“Going from quarterly to monthly is an amazing achievement for our editorial team” said Pierre Gervois, CEO of China Elite Focus Magazines and Publisher of the Shanghai Travelers’ Club magazine. “We have been working on this project for six months, due to the success of the magazine and the constant demands from our readers to have more content. We had to expand our editorial team at our Shanghai office, under the direction of Elaine Ke, our Senior Travel Editor” added Pierre Gervois.
With an office in Shanghai and in New York City, the now monthly Shanghai Travelers’ Club magazine will consolidate its position as a leading travel & lifestyle media, targeting the world’s most affluent consumers.
Chinese New Year is coming to Tinseltown, again. But this time in an even bigger way.
The Beverly Hills Conference & Visitors Bureau (BHCVB) announced Thursday that the city is going to stage a month-long celebration of Chinese New Year starting Feb 1.
It will be the fourth annual Chinese New Year celebration in Beverly Hills. This year, through a partnership with China International Culture Association, Beverly Hills will feature internationally acclaimed entertainment from Beijing in a special one-night event on Feb 1 at Saban Theatre, which will serve as a kick-off of Happy Chinese New Year – Beijing Culture Month.
The program will feature notable acts from the Beijing Performance & Arts Group, including acrobats from the China National Acrobatic Troupe and a Peking Opera piece performed by renowned artist Chen Junhua.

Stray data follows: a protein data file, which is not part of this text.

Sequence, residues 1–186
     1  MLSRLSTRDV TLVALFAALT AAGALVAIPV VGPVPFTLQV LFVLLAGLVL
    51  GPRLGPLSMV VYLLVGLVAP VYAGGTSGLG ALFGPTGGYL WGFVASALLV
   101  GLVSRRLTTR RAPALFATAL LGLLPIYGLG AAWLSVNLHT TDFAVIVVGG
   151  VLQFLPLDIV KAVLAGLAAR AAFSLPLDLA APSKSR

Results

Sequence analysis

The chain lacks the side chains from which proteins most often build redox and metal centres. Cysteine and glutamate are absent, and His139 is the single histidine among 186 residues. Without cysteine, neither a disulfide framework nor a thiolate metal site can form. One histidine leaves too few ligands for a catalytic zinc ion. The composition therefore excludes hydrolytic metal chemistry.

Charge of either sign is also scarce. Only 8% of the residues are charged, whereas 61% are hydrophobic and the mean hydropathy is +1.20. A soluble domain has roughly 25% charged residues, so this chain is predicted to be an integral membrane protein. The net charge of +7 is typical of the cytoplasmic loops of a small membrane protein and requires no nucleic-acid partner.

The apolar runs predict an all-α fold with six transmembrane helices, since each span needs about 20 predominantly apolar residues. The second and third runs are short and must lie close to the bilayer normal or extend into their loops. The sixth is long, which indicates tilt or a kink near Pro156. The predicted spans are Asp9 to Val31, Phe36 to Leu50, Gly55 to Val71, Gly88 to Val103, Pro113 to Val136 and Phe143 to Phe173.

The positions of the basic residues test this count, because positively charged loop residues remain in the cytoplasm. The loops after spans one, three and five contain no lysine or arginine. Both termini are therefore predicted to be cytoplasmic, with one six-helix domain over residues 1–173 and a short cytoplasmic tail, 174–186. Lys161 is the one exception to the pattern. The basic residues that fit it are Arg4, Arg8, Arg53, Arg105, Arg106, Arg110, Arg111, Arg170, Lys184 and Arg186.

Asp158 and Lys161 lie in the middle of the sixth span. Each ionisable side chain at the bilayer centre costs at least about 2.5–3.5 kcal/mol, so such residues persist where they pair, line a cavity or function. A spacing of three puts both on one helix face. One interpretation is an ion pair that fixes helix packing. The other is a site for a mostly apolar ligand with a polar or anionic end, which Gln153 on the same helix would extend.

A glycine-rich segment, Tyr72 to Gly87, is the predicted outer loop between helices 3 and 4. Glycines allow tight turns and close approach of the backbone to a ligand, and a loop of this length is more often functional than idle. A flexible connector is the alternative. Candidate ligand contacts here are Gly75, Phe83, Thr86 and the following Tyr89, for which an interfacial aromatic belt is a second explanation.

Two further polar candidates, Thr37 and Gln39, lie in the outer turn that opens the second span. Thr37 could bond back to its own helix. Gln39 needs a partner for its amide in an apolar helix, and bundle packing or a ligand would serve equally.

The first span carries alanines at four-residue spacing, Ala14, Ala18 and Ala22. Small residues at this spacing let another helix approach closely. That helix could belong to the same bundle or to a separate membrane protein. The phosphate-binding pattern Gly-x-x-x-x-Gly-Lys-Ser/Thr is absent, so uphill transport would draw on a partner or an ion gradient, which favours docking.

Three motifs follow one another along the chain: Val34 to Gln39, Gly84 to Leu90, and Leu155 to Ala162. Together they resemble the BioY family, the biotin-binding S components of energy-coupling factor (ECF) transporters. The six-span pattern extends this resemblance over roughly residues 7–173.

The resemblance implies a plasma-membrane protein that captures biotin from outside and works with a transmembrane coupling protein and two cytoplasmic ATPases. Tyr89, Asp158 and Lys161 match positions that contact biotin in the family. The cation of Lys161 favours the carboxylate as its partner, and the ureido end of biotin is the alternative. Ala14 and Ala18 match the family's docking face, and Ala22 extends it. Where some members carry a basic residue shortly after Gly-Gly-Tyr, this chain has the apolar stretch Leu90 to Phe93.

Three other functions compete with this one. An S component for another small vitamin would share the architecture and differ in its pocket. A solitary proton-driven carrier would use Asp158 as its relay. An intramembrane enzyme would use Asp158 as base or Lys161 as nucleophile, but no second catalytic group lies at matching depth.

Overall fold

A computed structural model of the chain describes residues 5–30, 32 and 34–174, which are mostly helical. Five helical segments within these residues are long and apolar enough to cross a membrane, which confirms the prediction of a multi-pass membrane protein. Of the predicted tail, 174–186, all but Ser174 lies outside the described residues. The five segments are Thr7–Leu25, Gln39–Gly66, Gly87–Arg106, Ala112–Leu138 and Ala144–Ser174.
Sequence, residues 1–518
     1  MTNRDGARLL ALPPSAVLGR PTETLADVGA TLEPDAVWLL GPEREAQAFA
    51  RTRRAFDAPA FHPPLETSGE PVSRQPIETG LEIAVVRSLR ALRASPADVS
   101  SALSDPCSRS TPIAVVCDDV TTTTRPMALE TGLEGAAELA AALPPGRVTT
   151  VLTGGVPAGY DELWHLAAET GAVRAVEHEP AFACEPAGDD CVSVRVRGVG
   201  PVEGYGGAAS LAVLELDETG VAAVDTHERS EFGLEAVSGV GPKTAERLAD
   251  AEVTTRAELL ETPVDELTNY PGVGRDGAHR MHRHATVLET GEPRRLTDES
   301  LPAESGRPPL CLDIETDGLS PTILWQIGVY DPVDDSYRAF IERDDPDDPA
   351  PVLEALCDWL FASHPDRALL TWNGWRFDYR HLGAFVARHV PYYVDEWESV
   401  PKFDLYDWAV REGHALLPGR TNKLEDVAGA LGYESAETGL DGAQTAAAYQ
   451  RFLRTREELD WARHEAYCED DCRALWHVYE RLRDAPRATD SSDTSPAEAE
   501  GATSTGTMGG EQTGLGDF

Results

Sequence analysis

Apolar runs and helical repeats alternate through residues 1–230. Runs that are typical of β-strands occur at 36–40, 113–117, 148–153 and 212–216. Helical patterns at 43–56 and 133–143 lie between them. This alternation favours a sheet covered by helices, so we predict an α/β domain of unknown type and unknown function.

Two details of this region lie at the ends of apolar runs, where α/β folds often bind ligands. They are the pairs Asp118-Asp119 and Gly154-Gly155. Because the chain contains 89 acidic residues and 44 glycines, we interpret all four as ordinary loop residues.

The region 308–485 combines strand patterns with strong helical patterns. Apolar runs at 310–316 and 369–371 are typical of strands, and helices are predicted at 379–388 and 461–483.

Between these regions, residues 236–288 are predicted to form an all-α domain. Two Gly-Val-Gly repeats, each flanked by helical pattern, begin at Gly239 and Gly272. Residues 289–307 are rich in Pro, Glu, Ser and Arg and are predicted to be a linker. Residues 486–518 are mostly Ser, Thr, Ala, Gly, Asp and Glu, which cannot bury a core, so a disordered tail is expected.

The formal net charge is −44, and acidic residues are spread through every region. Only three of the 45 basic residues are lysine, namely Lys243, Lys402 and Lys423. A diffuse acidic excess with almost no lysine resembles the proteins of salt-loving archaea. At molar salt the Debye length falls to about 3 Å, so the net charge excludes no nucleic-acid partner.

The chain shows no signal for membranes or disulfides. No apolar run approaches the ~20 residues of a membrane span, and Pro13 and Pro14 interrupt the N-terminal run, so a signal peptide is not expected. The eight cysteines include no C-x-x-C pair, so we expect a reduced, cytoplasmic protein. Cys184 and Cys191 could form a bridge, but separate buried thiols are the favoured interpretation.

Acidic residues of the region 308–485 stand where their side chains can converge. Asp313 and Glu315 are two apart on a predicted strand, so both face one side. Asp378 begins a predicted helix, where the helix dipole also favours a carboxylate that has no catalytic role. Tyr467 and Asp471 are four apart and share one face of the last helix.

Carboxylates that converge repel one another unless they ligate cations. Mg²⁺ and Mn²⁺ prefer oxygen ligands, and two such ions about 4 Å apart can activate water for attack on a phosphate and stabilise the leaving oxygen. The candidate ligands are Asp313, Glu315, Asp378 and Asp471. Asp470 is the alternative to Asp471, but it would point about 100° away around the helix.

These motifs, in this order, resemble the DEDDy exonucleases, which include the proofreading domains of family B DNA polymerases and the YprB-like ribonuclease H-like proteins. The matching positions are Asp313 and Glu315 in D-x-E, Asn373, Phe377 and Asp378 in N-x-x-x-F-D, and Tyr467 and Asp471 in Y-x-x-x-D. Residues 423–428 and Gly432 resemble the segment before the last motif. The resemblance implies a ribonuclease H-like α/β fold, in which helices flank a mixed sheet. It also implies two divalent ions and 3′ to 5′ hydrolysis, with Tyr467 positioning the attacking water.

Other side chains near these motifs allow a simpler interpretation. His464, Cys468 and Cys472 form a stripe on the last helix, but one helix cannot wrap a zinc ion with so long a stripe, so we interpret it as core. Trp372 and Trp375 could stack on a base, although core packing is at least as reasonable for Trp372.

Musical acts will include a pipa solo by Zhou Hui, an erhu performance by Song Fei, known as China’s “Queen of the Erhu”, and a performance by China’s violin master Lu Siqing, among others.
Che Zhaohe, culture consul of China’s Consulate General in Los Angeles, announced that a photography exhibition entitled Charming Beijing, Passionate Winter Olympics will be on display at the same time at the Saban Theatre, featuring 60 images captured in Beijing by world-renowned photographers, including American photographer Joe McNally.
Che also said that China’s intangible cultural heritage will be represented by Tu’er Ye figures, Zhang clay sculptures, Yu family kites, cloth paste paintings and ancient Chinese toys such as the Mao Hou, a tiny monkey shaped toy made with plants and cicada shells.
“It is an honor to have such remarkable talent travel all the way from Beijing to share their inspiring performances and art as we celebrate Chinese New Year 2015 and the Year of the Sheep,” said Julie Wagner, CEO of BHCVB.
As the new visa policy applies, Wagner expects to host more tourists from China during this Chinese New Year holiday. She said participating hotels in Beverly Hills will offer special packages to Chinese guests throughout the month of February. The packages will welcome guests with popular Chinese amenities such as in-room hot water kettles with Chinese tea, Chinese newspapers, slippers and Chinese breakfasts.
In addition, most Beverly Hills hotels and stores will have Mandarin-speaking staff on-site and the visitors’ center will provide walking maps and directories in Chinese. The city’s website has a Chinese version and most stores accept Union Pay.
“We want Chinese tourists and local Chinese residents to feel at home during this family-oriented and most important holiday of the year,” said Wagner. “This is just one of the ways to show our appreciation to the Chinese people who bring business to Beverly Hills. We also want to take this opportunity to enhance our friendship with China as always.”